Tale Of Two Cities

In the fictitious novel Tale of Two Cities, the author, Charles Dickens lays out
a brilliant plot. Charles Dickens was born in England on February 7, 1812 nears
the south coast. His family moved to London when he was ten years old and
quickly went into debt. To help support him, Charles went to work at a blacking
warehouse when he was twelve. His father was soon imprisoned for debt and
shortly thereafter the rest of the family split apart. Charles continued to work
at the blacking warehouse even after his father inherited some money and got out
of prison. When he was thirteen, Dickens went back to school for two years. He
later learned shorthand and became a freelance court reporter. He started out as
a journalist at the age of twenty and later wrote his first novel, The Pickwick
Papers. He went on to write many other novels, including Tale of Two Cities in
1859. Tale of Two Cities takes place in France and England during the troubled
times of the French Revolution. There are travels by the characters between the
countries, but most of the action takes place in Paris, France. The wineshop in
Paris is the hot spot for the French revolutionists, mostly because the wineshop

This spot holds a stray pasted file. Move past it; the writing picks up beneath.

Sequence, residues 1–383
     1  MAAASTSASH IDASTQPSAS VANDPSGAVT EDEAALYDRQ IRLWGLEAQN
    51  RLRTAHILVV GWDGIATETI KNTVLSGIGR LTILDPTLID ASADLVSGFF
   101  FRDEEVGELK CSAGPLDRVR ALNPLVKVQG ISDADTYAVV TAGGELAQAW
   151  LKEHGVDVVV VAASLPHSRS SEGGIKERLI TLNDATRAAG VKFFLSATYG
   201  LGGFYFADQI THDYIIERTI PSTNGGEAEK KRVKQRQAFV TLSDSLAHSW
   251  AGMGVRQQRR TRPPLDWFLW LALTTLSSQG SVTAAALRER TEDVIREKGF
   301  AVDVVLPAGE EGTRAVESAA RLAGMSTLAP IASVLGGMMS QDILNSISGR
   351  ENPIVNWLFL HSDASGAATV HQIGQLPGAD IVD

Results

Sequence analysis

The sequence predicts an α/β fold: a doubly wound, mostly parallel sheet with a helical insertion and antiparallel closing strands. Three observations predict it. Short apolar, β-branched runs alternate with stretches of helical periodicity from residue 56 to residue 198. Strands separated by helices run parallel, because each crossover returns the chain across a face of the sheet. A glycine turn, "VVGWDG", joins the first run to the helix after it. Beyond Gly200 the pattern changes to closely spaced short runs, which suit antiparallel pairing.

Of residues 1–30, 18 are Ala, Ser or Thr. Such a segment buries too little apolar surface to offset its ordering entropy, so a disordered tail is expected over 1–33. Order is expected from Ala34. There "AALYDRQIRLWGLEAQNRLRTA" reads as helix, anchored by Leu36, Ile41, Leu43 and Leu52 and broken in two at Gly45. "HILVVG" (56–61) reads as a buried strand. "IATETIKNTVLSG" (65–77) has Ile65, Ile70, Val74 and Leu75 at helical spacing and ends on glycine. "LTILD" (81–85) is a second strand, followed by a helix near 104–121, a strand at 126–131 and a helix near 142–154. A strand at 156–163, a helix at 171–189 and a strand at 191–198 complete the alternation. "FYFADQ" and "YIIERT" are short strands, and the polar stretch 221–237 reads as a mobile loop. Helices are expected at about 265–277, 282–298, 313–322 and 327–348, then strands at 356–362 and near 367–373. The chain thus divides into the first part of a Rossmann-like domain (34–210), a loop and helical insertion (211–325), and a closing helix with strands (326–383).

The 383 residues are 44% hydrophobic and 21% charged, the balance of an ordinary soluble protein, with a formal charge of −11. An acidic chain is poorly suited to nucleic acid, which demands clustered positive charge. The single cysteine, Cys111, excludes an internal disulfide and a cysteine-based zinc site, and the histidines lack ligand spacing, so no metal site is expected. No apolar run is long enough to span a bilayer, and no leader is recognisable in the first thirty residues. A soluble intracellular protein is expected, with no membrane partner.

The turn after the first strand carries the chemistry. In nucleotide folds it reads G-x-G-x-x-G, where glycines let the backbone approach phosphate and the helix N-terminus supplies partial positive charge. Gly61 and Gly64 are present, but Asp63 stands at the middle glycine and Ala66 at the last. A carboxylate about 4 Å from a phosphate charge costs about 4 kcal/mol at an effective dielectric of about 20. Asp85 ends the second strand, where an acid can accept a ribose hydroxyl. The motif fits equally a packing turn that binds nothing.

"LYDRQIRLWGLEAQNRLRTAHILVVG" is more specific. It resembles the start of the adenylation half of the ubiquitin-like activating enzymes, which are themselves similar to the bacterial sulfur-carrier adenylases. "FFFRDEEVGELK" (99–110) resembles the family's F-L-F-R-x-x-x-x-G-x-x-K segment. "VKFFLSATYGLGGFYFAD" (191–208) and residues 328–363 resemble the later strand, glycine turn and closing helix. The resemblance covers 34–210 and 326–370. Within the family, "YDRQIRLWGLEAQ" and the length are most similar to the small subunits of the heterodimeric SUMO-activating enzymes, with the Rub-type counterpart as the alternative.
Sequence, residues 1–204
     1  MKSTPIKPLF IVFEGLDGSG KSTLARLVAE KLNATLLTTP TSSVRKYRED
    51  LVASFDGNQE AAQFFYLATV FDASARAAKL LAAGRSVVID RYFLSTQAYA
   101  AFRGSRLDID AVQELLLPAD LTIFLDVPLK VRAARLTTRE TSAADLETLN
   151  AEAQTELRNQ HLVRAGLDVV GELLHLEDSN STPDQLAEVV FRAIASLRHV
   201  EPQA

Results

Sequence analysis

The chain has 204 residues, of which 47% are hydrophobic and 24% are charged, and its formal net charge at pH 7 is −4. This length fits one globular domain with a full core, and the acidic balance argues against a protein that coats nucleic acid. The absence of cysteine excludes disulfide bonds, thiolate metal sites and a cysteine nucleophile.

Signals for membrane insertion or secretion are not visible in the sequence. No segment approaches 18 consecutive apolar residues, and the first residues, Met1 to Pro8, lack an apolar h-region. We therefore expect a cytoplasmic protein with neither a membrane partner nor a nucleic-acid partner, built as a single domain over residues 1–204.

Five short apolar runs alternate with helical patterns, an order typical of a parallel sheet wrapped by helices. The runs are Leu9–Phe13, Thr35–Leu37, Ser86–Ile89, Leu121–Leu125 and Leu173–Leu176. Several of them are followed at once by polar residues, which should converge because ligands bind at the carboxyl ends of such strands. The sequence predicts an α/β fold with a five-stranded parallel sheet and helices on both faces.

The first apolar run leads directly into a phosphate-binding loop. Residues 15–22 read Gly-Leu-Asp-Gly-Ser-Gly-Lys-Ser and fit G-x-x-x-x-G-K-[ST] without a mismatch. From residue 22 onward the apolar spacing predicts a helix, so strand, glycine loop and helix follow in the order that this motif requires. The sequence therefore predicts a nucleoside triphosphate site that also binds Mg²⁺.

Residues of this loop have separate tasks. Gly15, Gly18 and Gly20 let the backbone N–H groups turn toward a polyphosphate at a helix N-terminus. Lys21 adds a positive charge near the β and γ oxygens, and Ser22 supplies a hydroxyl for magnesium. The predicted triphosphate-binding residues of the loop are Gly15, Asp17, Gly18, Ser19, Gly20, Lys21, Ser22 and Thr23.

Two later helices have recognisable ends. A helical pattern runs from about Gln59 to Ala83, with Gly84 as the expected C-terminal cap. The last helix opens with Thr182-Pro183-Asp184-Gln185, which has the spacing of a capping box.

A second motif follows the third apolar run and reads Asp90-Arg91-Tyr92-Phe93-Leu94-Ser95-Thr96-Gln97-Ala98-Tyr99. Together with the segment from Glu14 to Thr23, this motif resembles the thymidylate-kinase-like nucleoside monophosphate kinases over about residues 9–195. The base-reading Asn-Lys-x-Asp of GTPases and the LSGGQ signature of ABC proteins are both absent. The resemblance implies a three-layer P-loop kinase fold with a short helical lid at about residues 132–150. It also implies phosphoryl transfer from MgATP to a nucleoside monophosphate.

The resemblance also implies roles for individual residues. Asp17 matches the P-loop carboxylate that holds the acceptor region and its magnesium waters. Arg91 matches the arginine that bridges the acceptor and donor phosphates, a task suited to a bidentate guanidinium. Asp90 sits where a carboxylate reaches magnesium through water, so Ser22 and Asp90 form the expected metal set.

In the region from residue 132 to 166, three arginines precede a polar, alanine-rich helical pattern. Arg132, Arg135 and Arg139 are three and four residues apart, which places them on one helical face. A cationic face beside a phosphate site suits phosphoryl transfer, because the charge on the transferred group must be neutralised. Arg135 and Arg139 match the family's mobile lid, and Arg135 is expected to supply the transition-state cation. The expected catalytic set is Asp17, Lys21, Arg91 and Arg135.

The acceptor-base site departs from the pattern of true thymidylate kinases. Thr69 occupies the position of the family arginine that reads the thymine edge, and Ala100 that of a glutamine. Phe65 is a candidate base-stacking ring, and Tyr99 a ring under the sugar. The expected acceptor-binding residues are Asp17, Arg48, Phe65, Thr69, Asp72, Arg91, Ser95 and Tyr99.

owner, Ernest Defarge, and his wife, Madame Defarge, are key leaders and
officials of the revolution. Action in the book is scattered out in many places;
such as the Bastille, Tellson’s Bank, the home of the Manettes, and largely, the
streets of Paris. These places help to introduce many characters into the plot.

One of the main characters, Madame Therese Defarge, is a major antagonist who
seeks revenge, being a key revolutionist. She is very stubborn and unforgiving
in her cunning scheme of revenge on the Evermonde family. Throughout the story,
she knits shrouds for the intended victims of the revolution. Charles Darnay,
one of whom Mrs. Defarge is seeking revenge, is constantly being put on the
stand and wants no part of his own lineage. He is a languid protagonist and has
a tendency to get arrested and must be bailed out several times during the
story. Dr. Alexander Manette, a veteran prisoner of the Bastille and moderate
protagonist, cannot escape the memory of being held and sometimes relapses to
cobbling shoes. Dr. Manette is somewhat redundant as a character in the novel,